I don’t claim to be any kind of an expert on the US healthcare debate. Far from it. But what I do know is that in its totality, healthcare spending in the US is one of the most inefficient uses of money anywhere in the world. Despite the fact that well over half this spending is private, it fails to obey the first principles of efficient market theory. US healthcare makes even the notorious inefficiences of state spending in the UK look tolerable by comparison.
America spends vastly more per head of population and as a percentage of GDP on healthcare than any other nation in the world (see accompanying bar chart), yet this fails to result in notably better life expectancy or quality of life for the US as a whole than other advanced nations that spend far less. Nor is this lack of value for money accounted for by the averaging down effect caused by the sizeable, uninsured minority that enjoys only sub-standard healthcare. American medicine, knowing that in the end it is the insurer that picks up the tab, has a tendency to apply the most extraordinary array of safety first, mainly unnecessary but hugely costly, tests and procedures to almost any condition. This enriches the medical profession and its support industries but is steadily bankrupting the nation and its corporations.
Here’s one example of it I’ve experience of. A friend of mine having recently undergone open heart surgery in Britain was in the US for work purposes when he developed a form of septicemia which had sprung from his earlier operation. This had nothing to do with the supposed short comings and/or negligence of Britain’s National Health Service, as he had had the operation privately. In any case, he was eventually adviced by US practictioners where he had been hospitalised – having by that stage already run up medical bills of in excess of £100,000 for less than a month’s care – that he would have to have the whole operation as a matter of urgency again and couldn’t possibly make the trip back to the UK for the procedure as this would be far too risky.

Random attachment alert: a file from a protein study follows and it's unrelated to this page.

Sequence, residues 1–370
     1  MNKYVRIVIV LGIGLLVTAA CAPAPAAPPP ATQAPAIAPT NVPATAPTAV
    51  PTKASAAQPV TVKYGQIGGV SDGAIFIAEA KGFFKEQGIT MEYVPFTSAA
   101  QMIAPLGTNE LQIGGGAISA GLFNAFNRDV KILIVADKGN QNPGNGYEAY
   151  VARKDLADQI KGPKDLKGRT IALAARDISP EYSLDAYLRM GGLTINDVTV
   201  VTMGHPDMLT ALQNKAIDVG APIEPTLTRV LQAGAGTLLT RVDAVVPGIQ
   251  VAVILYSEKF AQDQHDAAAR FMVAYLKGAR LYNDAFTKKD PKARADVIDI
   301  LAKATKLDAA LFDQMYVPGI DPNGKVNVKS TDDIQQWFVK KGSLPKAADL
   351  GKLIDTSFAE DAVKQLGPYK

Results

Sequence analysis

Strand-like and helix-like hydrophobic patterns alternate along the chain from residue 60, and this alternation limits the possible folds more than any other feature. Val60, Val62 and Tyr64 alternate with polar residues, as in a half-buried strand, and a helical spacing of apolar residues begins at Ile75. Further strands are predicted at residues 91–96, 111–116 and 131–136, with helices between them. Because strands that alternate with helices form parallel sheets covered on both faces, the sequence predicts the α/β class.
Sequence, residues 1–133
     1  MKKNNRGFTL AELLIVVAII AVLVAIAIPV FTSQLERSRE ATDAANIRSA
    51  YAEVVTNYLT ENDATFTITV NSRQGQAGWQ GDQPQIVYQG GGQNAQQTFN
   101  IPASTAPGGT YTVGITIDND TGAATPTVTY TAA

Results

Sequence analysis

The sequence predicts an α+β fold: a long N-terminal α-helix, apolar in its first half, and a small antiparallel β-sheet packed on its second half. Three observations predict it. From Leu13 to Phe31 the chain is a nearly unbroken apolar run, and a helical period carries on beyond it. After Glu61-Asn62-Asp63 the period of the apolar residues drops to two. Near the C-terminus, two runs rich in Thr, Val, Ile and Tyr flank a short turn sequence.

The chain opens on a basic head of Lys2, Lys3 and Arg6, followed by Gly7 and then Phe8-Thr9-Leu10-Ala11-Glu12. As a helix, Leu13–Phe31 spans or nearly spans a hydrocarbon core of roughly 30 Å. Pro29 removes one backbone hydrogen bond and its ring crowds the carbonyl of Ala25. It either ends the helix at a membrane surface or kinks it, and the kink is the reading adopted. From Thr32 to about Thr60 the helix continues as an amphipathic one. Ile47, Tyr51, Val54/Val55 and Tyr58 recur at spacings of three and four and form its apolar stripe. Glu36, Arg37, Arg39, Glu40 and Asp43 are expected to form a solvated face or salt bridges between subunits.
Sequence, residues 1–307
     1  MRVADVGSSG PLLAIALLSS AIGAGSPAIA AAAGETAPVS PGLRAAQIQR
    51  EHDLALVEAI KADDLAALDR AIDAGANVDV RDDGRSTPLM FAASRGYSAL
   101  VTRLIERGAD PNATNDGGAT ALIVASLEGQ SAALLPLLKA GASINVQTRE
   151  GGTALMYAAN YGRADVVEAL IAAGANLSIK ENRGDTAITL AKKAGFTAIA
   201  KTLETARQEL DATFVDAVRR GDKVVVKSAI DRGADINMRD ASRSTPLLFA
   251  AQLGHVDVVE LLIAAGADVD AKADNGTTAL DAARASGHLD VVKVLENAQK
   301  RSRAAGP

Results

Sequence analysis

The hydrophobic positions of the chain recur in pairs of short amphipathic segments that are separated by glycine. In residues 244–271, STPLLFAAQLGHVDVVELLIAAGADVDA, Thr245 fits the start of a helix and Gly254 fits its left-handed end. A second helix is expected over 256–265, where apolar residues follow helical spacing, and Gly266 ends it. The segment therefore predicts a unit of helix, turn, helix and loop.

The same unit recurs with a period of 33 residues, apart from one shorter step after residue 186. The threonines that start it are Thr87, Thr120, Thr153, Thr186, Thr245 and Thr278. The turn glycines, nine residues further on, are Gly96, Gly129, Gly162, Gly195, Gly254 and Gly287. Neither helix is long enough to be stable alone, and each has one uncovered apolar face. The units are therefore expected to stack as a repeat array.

He quickly determined to take that risk, not just because he couldn’t bear the thought of repeating the open heart surgery, but also because he couldn’t afford the cost, for he had obviously been unable to obtain insurance for a pre-existing heart condition. He survived the trip home, and after a prolonged hospital stay on the right mix of medication, eventually made a full recovery. Well, perhaps he was lucky, but a British consultant would never have recommended that second operation even though it might have been the least risky way of proceeding.
I’m not trying to suggest here that American medical practictioners routinely apply the most costly procedures because that way they make a lot more money, though no doubt quite a bit of this does go on. Rather, the response is dictated by a “money no object” mentality, which is understandable when it comes to matters of health, but doesn’t always produce the best outcomes, only applies to those where money genuinely is no object, and for society and corporate America as a whole may be unaffordable. Certainly it is steadily eroding America’s competitiveness in a globalised economy where developing nations have none of these legacy costs. The fact of the matter is that the money applied to healthcare in the US could not only be more equitably spent, but frankly a lot better spent too.
Jeremy Warner, assistant editor of The Daily Telegraph, is one of Britain’s leading business and economics commentators.
By Jeremy Warner
Last updated: August 14th, 2009
Source: The Telegraph